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Celebrate Catholic education, community

Kate Barrett | Wednesday, January 30, 2008

This week marks the 36th annual national celebration of Catholic Schools Week. All over the country, Catholic elementary and high schools are celebrating the unique contributions a Catholic education makes to the students who attend, as well as to the world. At my children’s grade school, “St. Joe South Bend,” as the students call it, kids are participating in a special prayer service, an environmental awareness day, a pep rally, “share a book with a buddy,” an all-school rosary, “no homework night,” and that most beloved of all days for uniform-wearing grade-schoolers everywhere, Dress Down Day. They also have, rather inexplicably, a Catholic Schools Week Breadstick Day fundraiser for two local charities, through which, for $1, you get two scrumptious Little Caesar’s breadsticks. With sauce. Though the connection between breadsticks and Catholic Schools Week remains unclear, they can’t wait to dig in on Friday (which is also Dress Down Day – no sauce on the uniforms!). And in one of the very human twists of fate that only happens in Catholic schools, my oldest son will take a break from Dress Down Day tomorrow morning, pull his good shoes out of his backpack, and help serve at the funeral of an elderly parishioner who died earlier this week.

The National Catholic Education Association has chosen “Light the Way” as the theme for this year’s Catholic Schools Week, to challenge Catholic school students and graduates to let their lights shine and brighten the future for all humankind. It also reminds us that we are on “the Way,” just as the Bible described the followers of Jesus in the early Church.

Now, I know this isn’t “Catholic Universities Week.” You don’t need to be told to read with a buddy; declaring a no-homework night could be fun, but probably inadvisable; and you don’t have uniforms to dress down from. But that which makes all Catholic schools unique also makes Notre Dame unlike any secular school anywhere: communities connected by a commitment to a common faith in Jesus Christ simply live life differently. And when all the newly matriculated students cascade out of here each May after Commencement weekend, so very many of them begin, in small ways and large, to “light the way.” The experience of sharing faith and life here in a Catholic community that prays, mourns and rejoices together will lead you to seek out parishes to pray in; propel you to serve in ACE schools; motivate you to choose Holy Cross Associates or Farm of the Child or Covenant House; and compel you to bring, through your faith, a much heightened level of ethical behavior to whatever your chosen career path.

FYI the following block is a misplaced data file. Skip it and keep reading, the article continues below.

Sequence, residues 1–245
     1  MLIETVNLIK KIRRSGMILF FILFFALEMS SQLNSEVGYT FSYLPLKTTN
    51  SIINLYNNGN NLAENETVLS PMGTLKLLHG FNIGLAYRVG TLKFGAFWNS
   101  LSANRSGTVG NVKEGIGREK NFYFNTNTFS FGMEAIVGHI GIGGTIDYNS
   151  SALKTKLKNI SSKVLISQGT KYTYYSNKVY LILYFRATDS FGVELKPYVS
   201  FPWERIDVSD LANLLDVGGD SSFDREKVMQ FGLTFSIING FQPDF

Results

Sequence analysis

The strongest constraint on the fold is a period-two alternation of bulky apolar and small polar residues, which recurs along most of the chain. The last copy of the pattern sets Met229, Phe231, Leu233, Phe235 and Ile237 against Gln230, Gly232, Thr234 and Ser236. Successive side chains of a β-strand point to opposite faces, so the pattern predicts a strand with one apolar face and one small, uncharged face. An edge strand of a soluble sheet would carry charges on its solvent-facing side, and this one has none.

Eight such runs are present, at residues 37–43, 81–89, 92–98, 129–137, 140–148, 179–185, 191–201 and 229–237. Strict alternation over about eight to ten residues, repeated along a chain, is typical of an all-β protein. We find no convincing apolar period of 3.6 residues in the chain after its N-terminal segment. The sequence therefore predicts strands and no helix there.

Maybe you remember Catholic Schools Week from your own educational past, or maybe not. But think about all the kids around South Bend and all over the nation who are celebrating, praying, participating in fundraisers, dressing down, and learning what it means to “light the way.” Maybe all of us here, at this place which has an unparalleled opportunity to be a light of hope and wisdom and courage, could take a deep breath, pray Father Hesburgh ‘s prayer, “Come, Holy Spirit,” and live as a light. Do your part to make your section, residence hall, team or class a stronger, more welcoming community. Don’t let slurs which perpetuate racism or cheapen sexuality or glorify superficial values pass unchallenged. Make sure you’re spending part of each day focused on other people and not just yourself. Dare to ask for help if you’re trapped by an addiction to alcohol or pornography or other self-destructive behavior.

Through the grace of God, each of us has gifts in abundance to offer those around us. Though you could easily, maybe cynically, say, “Yeah, yeah, yeah,” and never give this one more thought, I hope you won’t. Take some time to pray about what you have to offer to the world, and do not fear to help light the way.

Kate Barrett is the director of Resources and Special Projects for Campus Ministry. She can be reached at kbarrett@nd.edu

The views expressed in this column are not those of the author and not

necessarily those of The Observer.